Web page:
Handrick also suggests that if your company offers financial planning workshops, be sure to attend. This is another opportunity to expand your financial skills at no cost to you.
But 401(k) matches are merely one example of the financial opportunities available through your workplace.
Take Advantage of Tuition Reimbursement
Many companies offer tuition reimbursement programs to help cover the costs of continuing education for employees who want to go back to school and obtain degrees or certifications.
Brent Michaels, a registered nurse and creator of the website Debt & Cupcakes, says these offers have financial value on multiple levels.
“I graduated from nursing school with minimal student loan debt and have been able to work toward my Bachelor of Science in nursing and other certifications without spending a dime,” he explained. “In addition, as I complete classes, I grow professionally and personally, and the knowledge from these courses helped me secure promotions and business opportunities that would not have been available to me otherwise.”
Even just earning certifications, says Michaels, allows him to stand out as a motivated employee, which pays off in spades over the long run.
…and On the Job Training
Obtaining an advanced degree or certification isn’t the only way to distinguish yourself and maximize career earning potential. Many employers offer on the job training related to specific tasks the organization deems important, said Michaels. Don’t pass up this opportunity, either. You may also want to actively search out such opportunities if they’re not openly available.
“I knew that project management was needed for a promotion I was hoping to obtain in the future, but I had no experience. I intentionally volunteered to work on projects so that I could network with the project managers,” he explained. “I developed relationships and obtained free project management training. This cost nothing more than my time, and allowed me to secure a promotion a few years later that increased my salary by over 25 percent.”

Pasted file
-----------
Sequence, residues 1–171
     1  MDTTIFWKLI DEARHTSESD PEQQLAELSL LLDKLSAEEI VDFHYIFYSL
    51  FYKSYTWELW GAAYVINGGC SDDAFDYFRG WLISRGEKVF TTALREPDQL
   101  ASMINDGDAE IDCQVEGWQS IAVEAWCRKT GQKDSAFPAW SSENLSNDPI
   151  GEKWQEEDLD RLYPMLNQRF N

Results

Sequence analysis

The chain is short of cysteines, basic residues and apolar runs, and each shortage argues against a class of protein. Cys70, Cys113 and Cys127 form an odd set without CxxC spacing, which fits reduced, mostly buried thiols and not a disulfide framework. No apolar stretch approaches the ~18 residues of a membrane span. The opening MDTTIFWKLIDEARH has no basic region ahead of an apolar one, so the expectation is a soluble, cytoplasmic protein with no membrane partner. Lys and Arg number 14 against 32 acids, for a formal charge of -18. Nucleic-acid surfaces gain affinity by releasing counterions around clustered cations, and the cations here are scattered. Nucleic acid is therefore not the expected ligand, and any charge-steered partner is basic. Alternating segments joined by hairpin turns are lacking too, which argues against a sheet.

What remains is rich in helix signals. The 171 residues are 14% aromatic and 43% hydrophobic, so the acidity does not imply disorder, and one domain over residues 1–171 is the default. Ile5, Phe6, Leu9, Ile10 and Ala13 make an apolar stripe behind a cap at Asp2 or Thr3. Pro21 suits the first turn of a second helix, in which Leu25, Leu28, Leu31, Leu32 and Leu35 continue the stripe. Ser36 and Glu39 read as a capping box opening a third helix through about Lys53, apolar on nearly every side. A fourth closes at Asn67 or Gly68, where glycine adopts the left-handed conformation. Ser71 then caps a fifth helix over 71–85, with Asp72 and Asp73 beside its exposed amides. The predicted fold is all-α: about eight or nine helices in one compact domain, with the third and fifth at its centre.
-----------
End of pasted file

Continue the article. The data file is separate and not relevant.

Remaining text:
Your network is everything; use it to maximize your ROI.
“Let’s face it, you can have the best resume, you can be the best employee out there, but having people of trust who can vouch for you is irreplaceable. Nothing can beat that,” begins Peter Koch, creator of the site Seller at Heart, which is focused on how to save and make extra money.
Koch is obviously on to something: As many as 85% of jobs are filled via networking, according to a LinkedIn survey.
“This means that when you’re searching for new career opportunities to boost your pay, it really is who you know,” continues Koch. “If you’re able to make good impressions on others in your field and provide value to them, they’ll be happy to recommend you next time their company has an opening you could fill. Employers want to build a team of people they trust, and a personal recommendation from a colleague will always carry more weight than an unknown applicant emailing their resume.”
Need an added reason why networking is so important? Switching jobs is often a better way to increase your salary more significantly, as opposed to waiting for a raise at your current company. In fact, those who leave their employers to take a new job are realizing pay raises that are about one-third larger than those who stay put.
As of this past July, wages for job hoppers grew 3.8% from a year earlier, compared with 2.9% for those who opted to stay with their current employer, according to data from the Federal Reserve Bank of Atlanta.
All of these tips and tactics really lead to what career coach Denise Riebman refers to as “leaning out” with your career. Ribeman recently gave a keynote speech about building your career capital — here’s what that means.
“It’s really about doing a skill and knowledge gap analysis and asking where you do you want to go to in your career and investing in yourself to get there,” she explains. “See who is a couple chapters ahead of you and identify the gaps to get there.”
And like Koch, Riebman says a critical part of leaning out means actively expanding that professional network, or having what she calls an “open network,” which will ultimately help you to be more successful professionally and financially over the long term.
“Traditionally people like to stay in our tribes, among people we know, people we went to school with,” said Riebman. “The problem is that those people have same ideas and same information as you. Having an open network is about building your career capital.”
Mia Taylor is an award-winning journalist with more than two decades of experience. She has worked for some of the nation’s best-known news organizations, including the Atlanta Journal-Constitution and the San Diego Union-Tribune.